Medicines have benefits and some have risks. Always read the label and use only as directed. If symptoms persist or you have side effects see your health professional. Brands and generics both contain the same active ingredient(s) and are medically equivalent. Some brands are marketed under different names by the same manufacturing country depending on the country of origin.
Choltran (cholestyramine) is a medication which prevents bile from being reabsorbed into the bloodstream after digestion, causing it to be excreted as waste instead. It is predominantly used to reduce levels of cholesterol in the blood, but also sees use in alleviating the severe itching associated with certain liver problems, alleviate diarrhea, and to encourage rapid elimination of other medications.
In other words, Choltran is used to:
While very useful at what it treats, patients should have the condition evaluated by a doctor prior to starting treatment with Choltran. The medication will have no effect if reabsorption of bile is not contributing to the condition.
Likewise patients who have diabetes, a thyroid disorder, kidney or liver disease, chronic vitamin deficiency, or chronic constipation should discuss risks with a doctor prior to taking Choltran.
Choltran is most widely available as a powder; either individual sachets or a canister with a scoop. One sachet or one scoop represents one dose; the number of doses taken varies according to the condition being treated and patient response.
Powdered doses should be mixed in a non-carbonated beverage or high-liquid content food; water, juice, tea, soup, applesauce, and so forth are all viable options. Once mixed in, the beverage or food should be consumed immediately and in entirety.
Ideally a doctor will help a patient individualize treatment. Very rough treatment guidelines are:
Detailed instructions are included with each package of Choltran. Some additional tips to ensure treatment goes well:
Additional dietary changes are often recommended along with Choltran, to further enhance the medication's effects and minimize side effects, as well as further control the underlying condition.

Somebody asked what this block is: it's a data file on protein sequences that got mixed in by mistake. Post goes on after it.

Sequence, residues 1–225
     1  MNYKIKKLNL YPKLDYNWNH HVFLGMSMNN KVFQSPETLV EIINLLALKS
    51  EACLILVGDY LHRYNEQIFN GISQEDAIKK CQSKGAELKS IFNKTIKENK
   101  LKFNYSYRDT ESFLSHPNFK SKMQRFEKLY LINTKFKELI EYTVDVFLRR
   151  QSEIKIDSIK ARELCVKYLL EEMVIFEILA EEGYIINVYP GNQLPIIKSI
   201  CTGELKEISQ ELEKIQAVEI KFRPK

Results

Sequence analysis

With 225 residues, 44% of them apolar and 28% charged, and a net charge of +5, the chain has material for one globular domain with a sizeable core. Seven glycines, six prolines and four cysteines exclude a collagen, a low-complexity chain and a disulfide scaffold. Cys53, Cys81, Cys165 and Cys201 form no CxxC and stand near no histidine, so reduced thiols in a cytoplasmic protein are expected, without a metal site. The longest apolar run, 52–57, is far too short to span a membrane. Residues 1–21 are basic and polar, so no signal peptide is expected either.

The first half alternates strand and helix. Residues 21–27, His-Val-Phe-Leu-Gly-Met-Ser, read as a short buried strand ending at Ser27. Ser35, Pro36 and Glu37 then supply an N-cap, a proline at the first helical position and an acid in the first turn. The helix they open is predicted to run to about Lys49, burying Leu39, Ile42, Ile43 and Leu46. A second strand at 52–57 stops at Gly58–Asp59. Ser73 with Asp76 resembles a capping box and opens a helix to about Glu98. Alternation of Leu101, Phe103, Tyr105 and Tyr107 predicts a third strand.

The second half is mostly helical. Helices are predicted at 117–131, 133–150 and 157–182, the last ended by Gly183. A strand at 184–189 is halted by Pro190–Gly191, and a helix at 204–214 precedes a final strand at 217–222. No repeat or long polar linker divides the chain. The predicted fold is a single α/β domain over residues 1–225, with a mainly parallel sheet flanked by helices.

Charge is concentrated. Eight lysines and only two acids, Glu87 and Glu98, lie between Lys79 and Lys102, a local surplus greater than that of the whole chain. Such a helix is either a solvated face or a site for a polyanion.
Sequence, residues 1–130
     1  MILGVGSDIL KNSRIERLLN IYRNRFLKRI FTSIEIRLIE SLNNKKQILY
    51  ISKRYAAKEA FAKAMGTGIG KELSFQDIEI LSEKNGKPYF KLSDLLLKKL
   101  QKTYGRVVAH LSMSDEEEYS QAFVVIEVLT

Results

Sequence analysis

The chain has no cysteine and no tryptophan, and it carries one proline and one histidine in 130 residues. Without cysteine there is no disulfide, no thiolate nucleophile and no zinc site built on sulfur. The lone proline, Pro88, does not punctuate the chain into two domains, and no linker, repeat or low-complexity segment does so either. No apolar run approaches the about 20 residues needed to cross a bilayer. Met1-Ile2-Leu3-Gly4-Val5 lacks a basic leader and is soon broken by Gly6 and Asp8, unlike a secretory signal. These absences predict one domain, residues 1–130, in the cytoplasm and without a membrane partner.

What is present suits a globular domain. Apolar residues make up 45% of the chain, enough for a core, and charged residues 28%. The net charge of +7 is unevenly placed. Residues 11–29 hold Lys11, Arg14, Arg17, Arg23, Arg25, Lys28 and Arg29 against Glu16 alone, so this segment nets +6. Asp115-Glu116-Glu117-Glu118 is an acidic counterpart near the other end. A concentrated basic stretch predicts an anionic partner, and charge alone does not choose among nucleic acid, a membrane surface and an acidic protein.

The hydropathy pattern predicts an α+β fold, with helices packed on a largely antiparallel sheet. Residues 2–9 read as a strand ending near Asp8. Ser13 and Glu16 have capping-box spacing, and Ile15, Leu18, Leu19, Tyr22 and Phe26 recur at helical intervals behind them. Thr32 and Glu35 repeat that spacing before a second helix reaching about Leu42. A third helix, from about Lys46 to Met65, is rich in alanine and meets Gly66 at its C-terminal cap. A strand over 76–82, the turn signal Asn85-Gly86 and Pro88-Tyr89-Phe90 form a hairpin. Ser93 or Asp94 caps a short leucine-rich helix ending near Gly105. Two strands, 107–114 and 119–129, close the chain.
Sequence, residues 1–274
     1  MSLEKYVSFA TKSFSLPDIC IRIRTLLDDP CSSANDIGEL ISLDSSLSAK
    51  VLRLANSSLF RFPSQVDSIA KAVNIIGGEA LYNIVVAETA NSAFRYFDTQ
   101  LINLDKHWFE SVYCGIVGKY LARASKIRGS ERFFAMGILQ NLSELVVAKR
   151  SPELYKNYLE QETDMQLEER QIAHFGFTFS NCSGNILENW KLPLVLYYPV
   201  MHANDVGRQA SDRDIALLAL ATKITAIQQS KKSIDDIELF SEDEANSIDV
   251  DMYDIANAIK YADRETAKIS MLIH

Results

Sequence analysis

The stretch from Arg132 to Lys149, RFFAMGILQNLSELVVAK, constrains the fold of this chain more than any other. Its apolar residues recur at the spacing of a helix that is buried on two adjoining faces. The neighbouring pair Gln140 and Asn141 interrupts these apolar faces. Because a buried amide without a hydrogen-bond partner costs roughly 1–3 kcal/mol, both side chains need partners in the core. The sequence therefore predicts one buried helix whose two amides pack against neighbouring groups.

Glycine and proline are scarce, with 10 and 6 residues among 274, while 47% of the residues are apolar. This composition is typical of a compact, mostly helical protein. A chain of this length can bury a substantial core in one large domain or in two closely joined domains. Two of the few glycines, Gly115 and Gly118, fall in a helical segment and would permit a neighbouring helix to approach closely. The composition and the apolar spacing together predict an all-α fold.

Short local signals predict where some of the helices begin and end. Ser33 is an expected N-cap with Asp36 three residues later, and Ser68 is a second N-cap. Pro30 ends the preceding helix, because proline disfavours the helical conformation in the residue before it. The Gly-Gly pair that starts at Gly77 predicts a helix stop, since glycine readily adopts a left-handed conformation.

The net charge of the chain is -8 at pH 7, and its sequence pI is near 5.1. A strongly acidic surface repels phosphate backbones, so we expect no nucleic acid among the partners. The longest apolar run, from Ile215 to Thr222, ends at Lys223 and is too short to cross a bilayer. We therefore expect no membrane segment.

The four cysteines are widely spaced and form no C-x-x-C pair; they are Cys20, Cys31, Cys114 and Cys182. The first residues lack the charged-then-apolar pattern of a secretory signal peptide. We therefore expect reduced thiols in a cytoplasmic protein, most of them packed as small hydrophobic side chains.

Choltran binds with bile in the digestive tract, and binds to many other substances that might otherwise bind to bile. This can cause a range of complications as far as absorbing nutrients and other medications, particularly if used long term.
If the medication is used for more than a couple of weeks, patients may start to experience depletion of vitamins A, D, E, and K. These patients may be prescribed a multivitamin to compensate, which should be taken several hours before or after a dose of Choltran.
Other medications should also be taken several hours before or after a dose of Choltran, though this may not be enough in all cases. Double-check with a doctor regarding all other medications taken during treatment, particularly vital medications.
Women who are pregnant or breastfeeding should avoid this product if at all possible due to nutrient deficiency concerns.
The most common side effect associated with Choltran is constipation. Increasing fluid intake is the best way to prevent this from happening. Consult a doctor if it becomes severe.
Other side effects are rare and most are harmless, including mild constipation or diarrhea, mild stomach upset, bloating, and itching around the anus. Very rarely more serious reactions occur, which call for emergency medical attention:
Regular doctor check-ups are advisable for all patients taking Choltran, to ensure it is working as intended and to monitor any possible subtle side effects, such as vitamin deficiency.